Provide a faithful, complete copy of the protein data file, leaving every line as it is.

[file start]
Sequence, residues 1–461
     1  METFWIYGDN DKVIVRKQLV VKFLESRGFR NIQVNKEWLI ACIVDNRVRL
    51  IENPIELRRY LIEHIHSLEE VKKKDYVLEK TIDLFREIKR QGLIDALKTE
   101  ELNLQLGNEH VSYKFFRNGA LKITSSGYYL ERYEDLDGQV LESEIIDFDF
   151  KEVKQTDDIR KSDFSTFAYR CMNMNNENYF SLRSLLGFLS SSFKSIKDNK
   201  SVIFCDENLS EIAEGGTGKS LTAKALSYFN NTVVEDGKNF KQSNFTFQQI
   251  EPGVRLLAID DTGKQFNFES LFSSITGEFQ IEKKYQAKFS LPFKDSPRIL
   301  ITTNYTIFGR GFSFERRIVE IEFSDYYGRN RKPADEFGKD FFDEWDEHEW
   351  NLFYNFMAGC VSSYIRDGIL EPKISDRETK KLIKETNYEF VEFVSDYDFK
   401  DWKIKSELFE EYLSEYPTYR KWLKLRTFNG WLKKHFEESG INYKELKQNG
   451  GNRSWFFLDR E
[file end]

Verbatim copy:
Sequence, residues 1–461
     1  METFWIYGDN DKVIVRKQLV VKFLESRGFR NIQVNKEWLI ACIVDNRVRL
    51  IENPIELRRY LIEHIHSLEE VKKKDYVLEK TIDLFREIKR QGLIDALKTE
   101  ELNLQLGNEH VSYKFFRNGA LKITSSGYYL ERYEDLDGQV LESEIIDFDF
   151  KEVKQTDDIR KSDFSTFAYR CMNMNNENYF SLRSLLGFLS SSFKSIKDNK
   201  SVIFCDENLS EIAEGGTGKS LTAKALSYFN NTVVEDGKNF KQSNFTFQQI
   251  EPGVRLLAID DTGKQFNFES LFSSITGEFQ IEKKYQAKFS LPFKDSPRIL
   301  ITTNYTIFGR GFSFERRIVE IEFSDYYGRN RKPADEFGKD FFDEWDEHEW
   351  NLFYNFMAGC VSSYIRDGIL EPKISDRETK KLIKETNYEF VEFVSDYDFK
   401  DWKIKSELFE EYLSEYPTYR KWLKLRTFNG WLKKHFEESG INYKELKQNG
   451  GNRSWFFLDR E